First, an aside, and then I'll add a more serious substantive point. The aside is that one of the criticisms made by Goldsmith strikes me as hyper-formalistic. He takes the Senators to task for saying that the Senate ratifies treaties, quoting the Senate's webpage, which states: “The Senate does not ratify treaties. Instead, the Senate takes up a resolution of ratification, by which the Senate formally gives its advice and consent, empowering the president to proceed with ratification.”

Sure, Goldsmith is technically right but so what? It is extremely common to refer to the Senate's giving of its consent as "ratification." As recently as last Term, Justice Scalia, writing for himself, Justice Thomas, and Justice Alito in a concurrence in Bond v. United States, said: "Upon the President’s agreement and the Senate’s ratification, a treaty . . . has been made" (emphasis added). Likewise, CJ Roberts, writing for the Court in Medellin v. Texas, referred to "the Senate that ratified the U. N. Charter." I found over 200 similar usages in federal appeals court cases, and it is also very common among commentators. There are many legitimate grounds for criticizing the 47 Senators who signed the letter to Iran, but referring to Senate ratification is not one of them.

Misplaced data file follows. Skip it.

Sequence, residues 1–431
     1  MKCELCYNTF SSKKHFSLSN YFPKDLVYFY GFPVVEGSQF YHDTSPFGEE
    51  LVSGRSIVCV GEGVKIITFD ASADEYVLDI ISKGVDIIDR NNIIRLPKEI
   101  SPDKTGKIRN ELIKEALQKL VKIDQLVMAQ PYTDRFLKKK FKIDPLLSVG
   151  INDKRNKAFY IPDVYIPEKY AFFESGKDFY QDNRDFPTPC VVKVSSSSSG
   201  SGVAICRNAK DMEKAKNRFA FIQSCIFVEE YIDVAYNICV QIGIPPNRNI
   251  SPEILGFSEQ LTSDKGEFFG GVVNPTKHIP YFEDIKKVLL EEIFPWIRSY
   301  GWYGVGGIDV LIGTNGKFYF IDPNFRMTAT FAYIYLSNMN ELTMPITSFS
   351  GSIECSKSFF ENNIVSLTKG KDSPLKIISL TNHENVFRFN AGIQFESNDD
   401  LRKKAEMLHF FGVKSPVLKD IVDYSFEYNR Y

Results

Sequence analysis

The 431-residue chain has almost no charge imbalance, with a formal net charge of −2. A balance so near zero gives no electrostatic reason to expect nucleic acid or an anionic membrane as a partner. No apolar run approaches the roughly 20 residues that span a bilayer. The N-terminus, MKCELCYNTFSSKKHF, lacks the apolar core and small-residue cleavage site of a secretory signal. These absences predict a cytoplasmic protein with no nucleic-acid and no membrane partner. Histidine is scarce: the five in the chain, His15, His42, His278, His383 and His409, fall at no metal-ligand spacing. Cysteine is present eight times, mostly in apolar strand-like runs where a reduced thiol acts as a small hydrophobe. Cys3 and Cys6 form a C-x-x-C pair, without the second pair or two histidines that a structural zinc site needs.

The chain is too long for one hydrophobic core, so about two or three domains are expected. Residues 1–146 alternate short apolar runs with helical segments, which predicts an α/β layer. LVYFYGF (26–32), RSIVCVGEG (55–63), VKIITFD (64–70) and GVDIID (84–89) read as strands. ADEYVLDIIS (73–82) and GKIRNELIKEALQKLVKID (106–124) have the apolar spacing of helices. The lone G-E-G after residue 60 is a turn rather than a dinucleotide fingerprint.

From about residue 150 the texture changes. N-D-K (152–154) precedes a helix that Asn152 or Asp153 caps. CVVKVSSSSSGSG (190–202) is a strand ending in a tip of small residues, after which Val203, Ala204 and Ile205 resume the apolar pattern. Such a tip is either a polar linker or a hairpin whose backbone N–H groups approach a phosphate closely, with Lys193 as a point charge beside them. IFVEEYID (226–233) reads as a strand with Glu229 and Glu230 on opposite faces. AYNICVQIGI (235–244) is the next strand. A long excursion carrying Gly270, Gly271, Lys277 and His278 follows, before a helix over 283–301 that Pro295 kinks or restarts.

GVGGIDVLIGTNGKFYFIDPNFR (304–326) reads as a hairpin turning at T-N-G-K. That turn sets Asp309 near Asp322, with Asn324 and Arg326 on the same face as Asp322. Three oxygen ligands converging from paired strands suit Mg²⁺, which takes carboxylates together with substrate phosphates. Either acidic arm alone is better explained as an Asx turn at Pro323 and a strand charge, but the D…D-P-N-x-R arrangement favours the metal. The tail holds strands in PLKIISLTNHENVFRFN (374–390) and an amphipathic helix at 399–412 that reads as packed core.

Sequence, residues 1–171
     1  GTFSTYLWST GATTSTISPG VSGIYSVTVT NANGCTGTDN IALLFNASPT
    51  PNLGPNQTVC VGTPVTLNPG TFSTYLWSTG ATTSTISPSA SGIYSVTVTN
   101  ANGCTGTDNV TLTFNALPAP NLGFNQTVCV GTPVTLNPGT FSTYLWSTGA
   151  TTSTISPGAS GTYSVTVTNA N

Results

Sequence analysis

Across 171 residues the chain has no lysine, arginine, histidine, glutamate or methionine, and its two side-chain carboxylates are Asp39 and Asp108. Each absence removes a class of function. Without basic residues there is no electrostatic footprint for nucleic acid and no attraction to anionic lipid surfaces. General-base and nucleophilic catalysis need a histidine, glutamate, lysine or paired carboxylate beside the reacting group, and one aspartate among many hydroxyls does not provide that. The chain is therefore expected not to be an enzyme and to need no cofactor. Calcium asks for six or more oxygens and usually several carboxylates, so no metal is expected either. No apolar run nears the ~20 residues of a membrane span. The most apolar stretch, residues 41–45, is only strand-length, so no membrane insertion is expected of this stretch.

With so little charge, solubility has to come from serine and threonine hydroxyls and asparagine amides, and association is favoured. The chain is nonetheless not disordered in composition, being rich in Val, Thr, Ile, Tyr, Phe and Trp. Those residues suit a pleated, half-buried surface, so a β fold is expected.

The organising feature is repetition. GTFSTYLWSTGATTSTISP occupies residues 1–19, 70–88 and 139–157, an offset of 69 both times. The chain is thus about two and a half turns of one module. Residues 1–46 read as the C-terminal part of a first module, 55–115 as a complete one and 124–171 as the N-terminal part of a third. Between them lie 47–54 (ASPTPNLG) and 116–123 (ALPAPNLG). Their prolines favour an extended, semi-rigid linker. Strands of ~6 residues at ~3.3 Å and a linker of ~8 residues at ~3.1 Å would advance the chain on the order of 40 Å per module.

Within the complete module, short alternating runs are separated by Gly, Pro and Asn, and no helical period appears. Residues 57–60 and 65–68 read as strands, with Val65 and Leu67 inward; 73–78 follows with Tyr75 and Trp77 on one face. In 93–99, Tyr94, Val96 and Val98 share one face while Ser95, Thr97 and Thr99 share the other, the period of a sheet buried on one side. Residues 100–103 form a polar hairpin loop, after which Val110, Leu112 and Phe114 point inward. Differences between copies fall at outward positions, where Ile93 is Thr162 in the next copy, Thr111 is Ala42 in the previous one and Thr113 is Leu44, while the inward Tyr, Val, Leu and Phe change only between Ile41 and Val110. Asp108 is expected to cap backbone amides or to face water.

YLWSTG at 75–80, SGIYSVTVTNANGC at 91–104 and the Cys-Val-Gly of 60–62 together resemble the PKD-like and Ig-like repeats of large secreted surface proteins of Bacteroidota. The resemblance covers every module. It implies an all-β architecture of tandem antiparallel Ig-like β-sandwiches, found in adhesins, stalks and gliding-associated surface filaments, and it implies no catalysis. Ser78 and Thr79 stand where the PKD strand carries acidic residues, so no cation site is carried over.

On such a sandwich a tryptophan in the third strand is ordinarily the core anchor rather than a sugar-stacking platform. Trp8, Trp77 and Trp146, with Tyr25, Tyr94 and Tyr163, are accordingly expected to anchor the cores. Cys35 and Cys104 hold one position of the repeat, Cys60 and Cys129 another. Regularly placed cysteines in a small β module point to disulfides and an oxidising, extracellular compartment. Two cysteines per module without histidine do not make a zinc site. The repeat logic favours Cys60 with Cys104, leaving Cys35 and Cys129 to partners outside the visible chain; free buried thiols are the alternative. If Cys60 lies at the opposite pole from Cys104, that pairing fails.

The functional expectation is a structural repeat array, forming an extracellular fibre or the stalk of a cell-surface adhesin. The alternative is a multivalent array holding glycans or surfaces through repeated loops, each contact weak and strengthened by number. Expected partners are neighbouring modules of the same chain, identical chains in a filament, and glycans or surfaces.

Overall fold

Now to my substantive point. Iran's foreign minister, Javad Zarif, in his response to the Senators' letter, noted--correctly--that neither the Senate nor a future Administration could undo an agreement that is binding under international law by the "stroke of a pen." The Senators' letter is really quite wrong in asserting that a mere "executive agreement" would not be binding on a future administration as a matter of international law.

But perhaps what the Senators meant to say (or ought to have said given their substantive views) was that even though an executive agreement would be and remain binding as a matter of international law, the executive agreement would not supersede those U.S. sanctions on Iran that are currently imposed by statute and thus, for domestic law purposes, cannot be overridden by a mere executive agreement.